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Daphne Bavelier, C. Shawn Green; When video game playing expands your mind's eye. Journal of Vision 2003;3(9):164. doi: 10.1167/3.9.164.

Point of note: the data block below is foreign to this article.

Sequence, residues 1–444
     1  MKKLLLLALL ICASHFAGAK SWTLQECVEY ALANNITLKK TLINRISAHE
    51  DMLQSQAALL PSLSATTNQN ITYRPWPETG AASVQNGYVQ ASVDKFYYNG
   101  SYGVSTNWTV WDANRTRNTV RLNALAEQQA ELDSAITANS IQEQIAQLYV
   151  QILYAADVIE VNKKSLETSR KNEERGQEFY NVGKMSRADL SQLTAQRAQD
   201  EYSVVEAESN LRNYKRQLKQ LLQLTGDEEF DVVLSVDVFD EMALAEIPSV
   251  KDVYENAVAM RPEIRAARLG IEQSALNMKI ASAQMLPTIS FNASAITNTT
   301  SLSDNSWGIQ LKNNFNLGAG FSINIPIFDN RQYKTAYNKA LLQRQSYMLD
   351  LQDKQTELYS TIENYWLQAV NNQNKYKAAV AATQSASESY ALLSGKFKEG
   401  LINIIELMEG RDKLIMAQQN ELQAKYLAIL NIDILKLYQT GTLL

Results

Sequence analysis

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Videogame playing puts extraordinary demands on our visual and motor skills, offering a unique opportunity to investigate learning and its limits in the visuo-motor domain. In a series of experiments, we have shown that videogame playing pushes the limits of visual attention skills. Videogame players (VGPs) were found to outperform non-videogame players (NVGPs) on the number of visual items they could apprehend at once as measured by an enumeration task, during the localization of eccentric targets among distractors as measured by the Useful Field of View, and during the processing of rapidly serially presented visual events as measured by the Attentional Blink paradigm. These results indicate that videogame playing enhances the capacity of visual attention as well as its spatial distribution and temporal resolution. Non-video gamers trained on a first-person point of view action videogame showed significant improvement from their pre-training scores on all three tasks indicating that as little as ten days of videogame playing can alter these fundamental aspects of visual attention. Thus, unlike most perceptual learning tasks that are rather specific, the learning induced by videogame playing generalizes to three rather different aspects of visual attention. There are multiple ways videogame training could lead to such an enhancement. Changes in known attentional bottlenecks is certainly a possibility; however speeded perceptual processes and/or better management of several tasks at the central executive level are also likely to contribute.
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